Jeffery Hicks is an IT veteran with over 30 years of experience, much of it spent as an IT infrastructure consultant specializing in Microsoft server technologies with an emphasis on automation and efficiency. He is a multi-year recipient of the Microsoft MVP Award.
Although there are plenty of performance management options that utilize nice-looking GUI’s, sometimes the “quick and dirty” approach is best. In this post, Jeff Hicks explains the use of TYPEPERF.EXE to monitor server performance with the command line. This can often be a much more efficient approach to diagnosing issues or just checking on servers.
If you’re in a position where you are responsible for managing or supporting several laptops, it’s likely that one task you have is ensuring their power settings are properly configured. Having to do this on multiple machines can be time consuming though. In this post, Jeff Hicks demonstrates the use of POWERCONFIG.EXE, a command line that comes with Windows 7 and streamlines the process.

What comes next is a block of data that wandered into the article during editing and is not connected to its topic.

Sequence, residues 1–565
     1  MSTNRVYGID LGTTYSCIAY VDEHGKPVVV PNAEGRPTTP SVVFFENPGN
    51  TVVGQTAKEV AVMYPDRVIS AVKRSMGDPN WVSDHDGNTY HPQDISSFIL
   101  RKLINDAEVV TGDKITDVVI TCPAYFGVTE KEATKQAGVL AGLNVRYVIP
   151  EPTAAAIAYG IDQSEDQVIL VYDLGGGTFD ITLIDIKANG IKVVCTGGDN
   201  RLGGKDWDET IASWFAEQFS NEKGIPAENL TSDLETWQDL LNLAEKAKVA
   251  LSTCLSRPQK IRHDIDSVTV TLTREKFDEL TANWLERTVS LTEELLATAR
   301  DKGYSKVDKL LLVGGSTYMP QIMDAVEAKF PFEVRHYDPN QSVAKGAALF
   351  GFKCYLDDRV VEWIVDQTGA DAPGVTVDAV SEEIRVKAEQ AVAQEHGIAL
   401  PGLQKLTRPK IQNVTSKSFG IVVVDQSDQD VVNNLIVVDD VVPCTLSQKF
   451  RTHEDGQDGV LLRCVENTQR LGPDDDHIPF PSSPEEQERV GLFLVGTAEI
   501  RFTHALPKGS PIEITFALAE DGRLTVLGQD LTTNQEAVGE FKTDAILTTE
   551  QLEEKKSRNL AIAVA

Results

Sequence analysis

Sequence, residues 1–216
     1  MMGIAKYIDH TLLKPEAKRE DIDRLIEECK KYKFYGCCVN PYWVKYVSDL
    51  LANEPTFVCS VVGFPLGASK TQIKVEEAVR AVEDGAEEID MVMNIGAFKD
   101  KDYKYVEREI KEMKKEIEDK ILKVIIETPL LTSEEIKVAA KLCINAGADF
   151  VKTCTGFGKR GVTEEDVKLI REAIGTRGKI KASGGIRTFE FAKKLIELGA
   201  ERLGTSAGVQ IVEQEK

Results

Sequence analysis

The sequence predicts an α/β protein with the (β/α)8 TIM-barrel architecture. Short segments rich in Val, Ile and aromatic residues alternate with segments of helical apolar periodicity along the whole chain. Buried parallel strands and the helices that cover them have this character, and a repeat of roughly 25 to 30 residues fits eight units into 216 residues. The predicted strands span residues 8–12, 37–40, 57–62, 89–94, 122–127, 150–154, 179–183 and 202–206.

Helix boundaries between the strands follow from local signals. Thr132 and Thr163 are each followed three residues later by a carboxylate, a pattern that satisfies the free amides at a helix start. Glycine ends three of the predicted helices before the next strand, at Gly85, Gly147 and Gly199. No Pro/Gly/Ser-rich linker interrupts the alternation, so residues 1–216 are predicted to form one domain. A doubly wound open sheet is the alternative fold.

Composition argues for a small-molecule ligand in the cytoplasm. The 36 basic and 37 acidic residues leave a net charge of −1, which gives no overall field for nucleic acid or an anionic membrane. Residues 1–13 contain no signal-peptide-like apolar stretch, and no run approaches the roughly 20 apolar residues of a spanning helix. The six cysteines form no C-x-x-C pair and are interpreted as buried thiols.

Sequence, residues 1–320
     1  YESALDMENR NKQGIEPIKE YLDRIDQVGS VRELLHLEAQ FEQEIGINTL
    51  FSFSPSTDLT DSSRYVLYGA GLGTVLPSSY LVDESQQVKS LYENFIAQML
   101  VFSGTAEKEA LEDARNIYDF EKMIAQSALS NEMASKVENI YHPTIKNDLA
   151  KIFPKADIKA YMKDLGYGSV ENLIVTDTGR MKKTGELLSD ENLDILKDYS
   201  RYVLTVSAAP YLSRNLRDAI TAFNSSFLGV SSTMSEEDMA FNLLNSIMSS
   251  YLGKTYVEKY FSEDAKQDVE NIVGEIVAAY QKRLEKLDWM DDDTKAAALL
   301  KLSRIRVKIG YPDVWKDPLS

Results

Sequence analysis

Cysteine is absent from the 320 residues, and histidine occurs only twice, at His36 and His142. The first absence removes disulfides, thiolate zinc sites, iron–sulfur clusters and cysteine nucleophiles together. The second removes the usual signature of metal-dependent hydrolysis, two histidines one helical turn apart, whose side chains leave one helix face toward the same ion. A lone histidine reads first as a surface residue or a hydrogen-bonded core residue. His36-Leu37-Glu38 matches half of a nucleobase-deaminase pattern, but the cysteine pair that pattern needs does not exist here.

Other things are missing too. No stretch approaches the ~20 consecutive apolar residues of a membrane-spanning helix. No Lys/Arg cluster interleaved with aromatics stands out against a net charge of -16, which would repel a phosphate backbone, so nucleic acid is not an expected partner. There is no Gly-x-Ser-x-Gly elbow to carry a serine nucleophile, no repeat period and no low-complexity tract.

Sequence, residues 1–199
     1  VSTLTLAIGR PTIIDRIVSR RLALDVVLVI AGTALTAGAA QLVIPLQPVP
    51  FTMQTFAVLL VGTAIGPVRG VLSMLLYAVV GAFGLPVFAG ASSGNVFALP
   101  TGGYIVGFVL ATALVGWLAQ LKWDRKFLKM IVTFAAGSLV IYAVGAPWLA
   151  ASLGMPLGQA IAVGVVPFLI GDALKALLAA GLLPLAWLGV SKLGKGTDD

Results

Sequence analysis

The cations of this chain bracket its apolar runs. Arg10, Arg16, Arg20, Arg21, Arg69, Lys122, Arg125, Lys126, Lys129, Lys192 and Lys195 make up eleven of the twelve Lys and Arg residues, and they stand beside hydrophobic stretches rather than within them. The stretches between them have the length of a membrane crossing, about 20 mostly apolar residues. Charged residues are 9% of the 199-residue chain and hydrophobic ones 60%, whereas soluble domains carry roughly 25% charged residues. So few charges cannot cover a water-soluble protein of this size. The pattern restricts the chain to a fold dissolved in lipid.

Most IT pros are routinely managing computers remotely and for such tasks there are several tools, such as PowerShell. Sometimes these tools are a little more than we need to perform some of the simpler tasks. In this post, Jeff Hicks goes over some common tasks that are most efficiently carried out using CMD.EXE.
In this video post, Jeff Hicks returns with 5 more PowerShell tasks to perform in Windows Server 2008, rounding out the top 10. In part 2, Jeff covers getting recent event log errors, resetting ACL’s, finding server uptime, getting service pack information and deleting old and unused files.
In this video post, Jeff hicks goes through the first 5 of the top 10 tasks to perform with PowerShell in Windows Server 2008. In part 1 Jeff covers changing local administrator passwords, restarting & shutting down servers, terminating or restarting processes and creating a disk utilization report, all with PowerShell.
In this post, Jeff Hicks goes over some useful tricks utilizing Get-WMIObject in WMI PowerShell. Utilizing PowerShell, and GetWMIObject, makes working with WMI easier and more flexible, allowing for more efficient management of your Windows Servers.